Grand Hotel

A star-studded pre-code movie classic from 1932, this is one film you must see if you’ve somehow missed it through the years.  An adaptation of a 1929 play, the film cast includes Greta Garbo, the Barrymore brothers (John and Lionel who couldn’t be more different), Lewis Stone, Joan Crawford, Wallace Beery and a slew of lesser known early cinema stars as guests at the Grand Hotel in Berlin.   Because the characters’ names are all German or Russian, it’s less important to know them than to understand the core plot and subplots.  At its essence, this is a tale of love, dastardly deeds, and eventual redemption at a terrible cost.  John Barrymore (still a handsome devil although in his 50s) is a down-on-his-luck Baron who is a sometimes thief and frequent card player, Garbo (gorgeous of course) is a legendary Russian ballerina aging out of her roles, Wallace Beery is a very unlikeable industrialist who hires Joan Crawford as his stenographer, and Lionel Barrymore (not the curmudgeon of “It’s a Wonderful Life” here, but rather a grouchy but sweet soul)  is an accountant from Beery’s company who finds he is dying and wants to live life to fullest before he goes.  The entire story takes place in the Hotel, about which Lewis Stone’s character (who is a resident) says that “nothing ever happens here”.  The movie ends with the same quote, and of course, much happens in between.   John Barrymore and Greta Garbo fall in love after he tries to rob her.  Wallace Beery asks his stenographer to “accompany” him to London to close a deal (of course, this is pre-code so he has dastardly plans), and in a twist of events, Beery’s crude character happens upon and kills one of the other characters.  With all the plot twists and turns, it would be too easy to stumble into giving more spoilers, so enough said.  The pace of the film moves along nicely, and the almost two hour run time is well edited to elicit all the emotions the director wants of the audience.   A couple of side notes: this is the movie with the famous Garbo quote “I want to be alone” which she says more than once, and this is the only movie to win the Oscar for Best Picture even though it was not nominated for any other Oscar (too many stars from which to choose?).  For any fan of classic films, this drama is one of the best, and we rate it Worth the Search.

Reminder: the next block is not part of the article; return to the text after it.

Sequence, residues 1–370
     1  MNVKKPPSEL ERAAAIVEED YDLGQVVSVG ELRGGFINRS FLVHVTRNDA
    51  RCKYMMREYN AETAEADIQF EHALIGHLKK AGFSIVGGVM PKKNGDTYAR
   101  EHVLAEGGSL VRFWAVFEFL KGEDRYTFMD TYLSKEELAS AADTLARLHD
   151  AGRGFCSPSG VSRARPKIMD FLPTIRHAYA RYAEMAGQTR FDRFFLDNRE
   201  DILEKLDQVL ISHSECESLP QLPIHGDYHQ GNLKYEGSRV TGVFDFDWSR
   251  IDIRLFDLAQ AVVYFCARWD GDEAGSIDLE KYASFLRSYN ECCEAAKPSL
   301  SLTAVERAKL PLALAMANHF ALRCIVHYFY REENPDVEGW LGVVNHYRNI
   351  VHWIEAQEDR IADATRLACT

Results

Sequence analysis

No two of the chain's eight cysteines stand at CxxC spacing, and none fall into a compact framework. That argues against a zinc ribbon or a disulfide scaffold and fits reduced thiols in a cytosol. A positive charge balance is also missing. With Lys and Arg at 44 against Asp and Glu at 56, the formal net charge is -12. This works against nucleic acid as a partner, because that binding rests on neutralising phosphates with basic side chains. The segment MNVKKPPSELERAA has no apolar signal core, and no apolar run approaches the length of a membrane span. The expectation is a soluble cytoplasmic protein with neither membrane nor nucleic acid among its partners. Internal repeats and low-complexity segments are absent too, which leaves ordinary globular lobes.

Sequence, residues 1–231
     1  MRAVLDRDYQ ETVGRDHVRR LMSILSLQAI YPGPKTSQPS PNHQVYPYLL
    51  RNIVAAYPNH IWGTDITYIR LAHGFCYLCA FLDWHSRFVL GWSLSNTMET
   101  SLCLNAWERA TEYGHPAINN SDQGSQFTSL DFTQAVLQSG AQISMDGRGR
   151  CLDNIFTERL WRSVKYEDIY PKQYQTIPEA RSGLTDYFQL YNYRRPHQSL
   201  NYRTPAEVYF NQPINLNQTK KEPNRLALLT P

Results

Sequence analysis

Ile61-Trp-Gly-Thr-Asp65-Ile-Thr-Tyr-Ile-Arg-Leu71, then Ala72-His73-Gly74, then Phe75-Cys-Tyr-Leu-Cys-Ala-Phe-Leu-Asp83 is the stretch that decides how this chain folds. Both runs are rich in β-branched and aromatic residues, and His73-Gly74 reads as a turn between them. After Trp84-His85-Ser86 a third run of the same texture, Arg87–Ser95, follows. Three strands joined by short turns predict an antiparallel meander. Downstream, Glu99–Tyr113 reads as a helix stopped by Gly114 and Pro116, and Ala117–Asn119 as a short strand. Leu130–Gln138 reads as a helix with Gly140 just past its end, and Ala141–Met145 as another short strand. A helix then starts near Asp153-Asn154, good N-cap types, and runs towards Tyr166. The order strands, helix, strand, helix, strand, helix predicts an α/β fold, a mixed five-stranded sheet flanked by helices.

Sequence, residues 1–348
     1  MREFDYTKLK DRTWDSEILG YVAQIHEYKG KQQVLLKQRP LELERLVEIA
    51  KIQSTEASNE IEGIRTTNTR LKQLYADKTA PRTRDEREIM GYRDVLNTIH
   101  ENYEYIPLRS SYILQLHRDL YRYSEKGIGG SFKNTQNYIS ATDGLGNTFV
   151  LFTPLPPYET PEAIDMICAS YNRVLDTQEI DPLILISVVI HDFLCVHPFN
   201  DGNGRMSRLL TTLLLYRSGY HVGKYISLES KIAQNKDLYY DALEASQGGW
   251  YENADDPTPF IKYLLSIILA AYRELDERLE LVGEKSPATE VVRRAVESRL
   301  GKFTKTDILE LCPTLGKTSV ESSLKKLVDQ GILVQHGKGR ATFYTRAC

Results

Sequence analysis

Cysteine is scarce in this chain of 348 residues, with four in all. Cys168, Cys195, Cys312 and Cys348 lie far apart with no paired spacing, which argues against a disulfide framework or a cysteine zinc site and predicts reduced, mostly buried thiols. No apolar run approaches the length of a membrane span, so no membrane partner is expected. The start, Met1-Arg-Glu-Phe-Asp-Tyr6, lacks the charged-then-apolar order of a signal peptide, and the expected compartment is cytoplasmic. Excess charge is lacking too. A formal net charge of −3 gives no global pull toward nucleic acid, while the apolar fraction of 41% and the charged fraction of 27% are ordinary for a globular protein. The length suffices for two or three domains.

Leave a Reply

Fill in your details below or click an icon to log in:

WordPress.com Logo

You are commenting using your WordPress.com account. Log Out /  Change )

Google photo

You are commenting using your Google account. Log Out /  Change )

Twitter picture

You are commenting using your Twitter account. Log Out /  Change )

Facebook photo

You are commenting using your Facebook account. Log Out /  Change )

Connecting to %s